Obama defends phone spy programme

2013-06-07 21:09

Multimedia   ·   User Galleries   ·   News in Pictures Send us your pictures  ·  Send us your stories

San Jose - President Barack Obama on Friday staunchly defended the sweeping US government surveillance of Americans' phone and internet activity, calling it a modest encroachment on privacy that was necessary to defend the United States from attack.

Obama said the programmes were "trade-offs" designed to strike a balance between privacy concerns and keeping Americans safe from terrorist attacks. He said they were supervised by federal judges and Congress, and that lawmakers had been briefed.

"Nobody is listening to your telephone calls. That's not what this program is about," Obama told reporters during a visit to California's Silicon Valley.

"In the abstract you can complain about Big Brother and how this is a potential programme run amok, but when you actually look at the details, I think we've struck the right balance," Obama said. "There are trade-offs involved."

The Washington Post reported on Thursday that federal authorities have been tapping into the central servers of companies including Google, Apple and Facebook to gain access to e-mails, photos and other files allowing analysts to track a person's movements and contacts.

That added to privacy concerns sparked by a report in Britain's Guardian newspaper that the National Security Agency had been mining phone records from millions of customers of a subsidiary of Verizon Communications.

The two reports launched a broad debate about privacy rights and the proper limits of government surveillance in the aftermath of the 11 September, 2001, attacks in the United States.

Obama, who pledged to run the most transparent administration in US history, said in his first comments on the controversy that he came into office with a "healthy skepticism" about the surveillance programmes but had come to believe "modest encroachments on privacy" were worth it.

Obama said his administration also had instituted audits and tightened safeguards to ensure the programs did not overstep their bounds.

Make choices

"You can't have 100% security and also then have 100% privacy and zero inconvenience," he said. "We're going to have to make some choices as a society."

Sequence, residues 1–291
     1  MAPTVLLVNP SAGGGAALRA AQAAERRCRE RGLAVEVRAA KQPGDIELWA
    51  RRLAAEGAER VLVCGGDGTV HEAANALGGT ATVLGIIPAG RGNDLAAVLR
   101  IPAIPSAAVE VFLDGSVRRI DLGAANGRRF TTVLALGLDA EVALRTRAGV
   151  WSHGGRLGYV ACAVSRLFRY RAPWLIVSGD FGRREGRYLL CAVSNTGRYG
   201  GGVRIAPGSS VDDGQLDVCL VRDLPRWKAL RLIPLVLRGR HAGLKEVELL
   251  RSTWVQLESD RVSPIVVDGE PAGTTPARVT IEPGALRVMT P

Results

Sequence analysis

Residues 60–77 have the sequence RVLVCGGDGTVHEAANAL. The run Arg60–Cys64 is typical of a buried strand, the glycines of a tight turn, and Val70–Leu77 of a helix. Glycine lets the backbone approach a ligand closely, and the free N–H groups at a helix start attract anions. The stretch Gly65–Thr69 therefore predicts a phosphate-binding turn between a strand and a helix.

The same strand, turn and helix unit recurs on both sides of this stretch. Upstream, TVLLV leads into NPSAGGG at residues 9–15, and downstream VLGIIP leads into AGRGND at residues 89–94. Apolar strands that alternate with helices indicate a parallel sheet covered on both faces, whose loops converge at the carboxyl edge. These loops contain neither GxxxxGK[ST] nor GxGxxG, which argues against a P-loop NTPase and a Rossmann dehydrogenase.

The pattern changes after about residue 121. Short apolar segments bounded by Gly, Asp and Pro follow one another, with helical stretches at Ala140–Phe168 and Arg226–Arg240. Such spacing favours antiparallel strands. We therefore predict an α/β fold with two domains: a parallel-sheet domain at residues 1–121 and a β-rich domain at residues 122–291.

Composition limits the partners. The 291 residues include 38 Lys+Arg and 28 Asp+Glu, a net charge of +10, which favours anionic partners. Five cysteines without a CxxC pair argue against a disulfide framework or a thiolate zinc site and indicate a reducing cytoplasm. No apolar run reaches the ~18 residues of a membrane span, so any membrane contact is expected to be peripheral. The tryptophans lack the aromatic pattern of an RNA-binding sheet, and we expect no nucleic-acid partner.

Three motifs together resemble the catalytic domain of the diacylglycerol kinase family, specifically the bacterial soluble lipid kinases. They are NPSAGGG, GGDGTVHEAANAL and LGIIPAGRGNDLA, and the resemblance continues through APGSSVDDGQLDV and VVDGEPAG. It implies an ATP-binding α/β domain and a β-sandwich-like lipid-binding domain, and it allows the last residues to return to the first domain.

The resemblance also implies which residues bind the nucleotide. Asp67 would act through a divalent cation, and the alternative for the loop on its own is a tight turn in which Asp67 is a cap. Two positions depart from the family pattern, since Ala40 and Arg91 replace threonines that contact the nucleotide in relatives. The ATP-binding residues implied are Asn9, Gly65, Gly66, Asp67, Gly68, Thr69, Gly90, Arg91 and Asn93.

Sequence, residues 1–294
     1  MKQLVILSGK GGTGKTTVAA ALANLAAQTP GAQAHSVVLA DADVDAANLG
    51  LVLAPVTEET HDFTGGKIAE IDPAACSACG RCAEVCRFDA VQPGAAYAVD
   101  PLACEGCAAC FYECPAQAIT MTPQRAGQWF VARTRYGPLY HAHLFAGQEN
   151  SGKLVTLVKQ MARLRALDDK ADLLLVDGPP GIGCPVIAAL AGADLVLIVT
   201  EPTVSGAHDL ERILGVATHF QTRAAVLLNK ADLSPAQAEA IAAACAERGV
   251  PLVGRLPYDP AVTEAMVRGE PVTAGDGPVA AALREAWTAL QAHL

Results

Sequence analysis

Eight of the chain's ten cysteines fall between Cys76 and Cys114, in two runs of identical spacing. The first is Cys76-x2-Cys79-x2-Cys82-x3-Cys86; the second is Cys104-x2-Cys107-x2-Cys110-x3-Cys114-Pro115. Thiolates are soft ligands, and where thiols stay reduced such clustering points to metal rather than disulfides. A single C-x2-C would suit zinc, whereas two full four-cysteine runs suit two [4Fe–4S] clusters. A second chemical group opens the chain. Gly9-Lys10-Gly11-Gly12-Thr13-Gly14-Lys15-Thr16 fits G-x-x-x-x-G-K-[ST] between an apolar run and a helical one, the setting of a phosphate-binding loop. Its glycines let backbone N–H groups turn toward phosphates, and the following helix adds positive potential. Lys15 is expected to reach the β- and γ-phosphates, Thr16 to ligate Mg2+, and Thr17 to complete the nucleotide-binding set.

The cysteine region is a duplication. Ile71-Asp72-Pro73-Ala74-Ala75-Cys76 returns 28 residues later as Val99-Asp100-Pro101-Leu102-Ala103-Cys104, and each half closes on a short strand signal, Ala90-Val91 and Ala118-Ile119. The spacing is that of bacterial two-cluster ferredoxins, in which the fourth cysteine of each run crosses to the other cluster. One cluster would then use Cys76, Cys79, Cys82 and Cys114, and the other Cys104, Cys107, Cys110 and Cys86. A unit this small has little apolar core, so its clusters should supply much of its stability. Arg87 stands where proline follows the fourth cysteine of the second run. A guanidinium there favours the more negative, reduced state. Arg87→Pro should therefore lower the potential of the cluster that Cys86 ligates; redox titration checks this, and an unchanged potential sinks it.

Obama may be forced to broach the subject during his meetings with Chinese President Xi Jinping at a California summit on Friday, in which US concerns about alleged Chinese hacking of American secrets were expected to be high on the agenda.

While members of the US Congress are routinely briefed by the NSA on secret surveillance programmes, it is not clear how much they knew about the widespread surveillance of private internet activity.

Representative Henry Waxman, a California Democrat, said he thought the administration had good intentions but stressed the programme was "just too broad an overreach."

"I think there ought to be some connection to suspicion, otherwise we can say that any intrusion on all of our privacy is justified for the times that we will catch the few terrorists," Waxman told MSNBC. "Good intentions are not enough. We need protections against government intrusion that goes too far."

The Washington Post said the surveillance program involving firms including Microsoft, Skype and YouTube, code-named PRISM and established under Republican President George W Bush in 2007, had seen "exponential growth" under the Democratic Obama administration.

It said the NSA increasingly relies on PRISM as a source of raw material for its intelligence reports.

James Clapper, the director of national intelligence, said the report contained "numerous inaccuracies," and some of the companies identified by the Washington Post denied that the NSA and Federal Bureau of Investigations (FBI) had "direct access" to their central servers.

Microsoft said it does not voluntarily participate in government data collection and only complies "with orders for requests about specific accounts or identifiers."

Erwin Chemerinsky, a law professor at the University of California, Irvine, said the program was "deeply disturbing" and went beyond what was constitutionally acceptable.

"It is a huge gathering of information by the federal government. The argument that it protects national security is unpersuasive," he said.

Read more on:    nsa  |  fbi  |  barack obama  |  us  |  online privacy  |  mobile

Join the conversation!

24.com encourages commentary submitted via MyNews24. Contributions of 200 words or more will be considered for publication.

We reserve editorial discretion to decide what will be published.
Read our comments policy for guidelines on contributions.

24.com publishes all comments posted on articles provided that they adhere to our Comments Policy. Should you wish to report a comment for editorial review, please do so by clicking the 'Report Comment' button to the right of each comment.

Comment on this story
9 comments
Comments have been closed for this article.

Inside News24

 
/News

Book flights

Compare, Book, Fly

Traffic Alerts
Traffic
There are new stories on the homepage. Click here to see them.
 
English
Afrikaans
isiZulu

Hello 

Create Profile

Creating your profile will enable you to submit photos and stories to get published on News24.


Please provide a username for your profile page:

This username must be unique, cannot be edited and will be used in the URL to your profile page across the entire 24.com network.

Settings

Location Settings

News24 allows you to edit the display of certain components based on a location. If you wish to personalise the page based on your preferences, please select a location for each component and click "Submit" in order for the changes to take affect.




Facebook Sign-In

Hi News addict,

Join the News24 Community to be involved in breaking the news.

Log in with Facebook to comment and personalise news, weather and listings.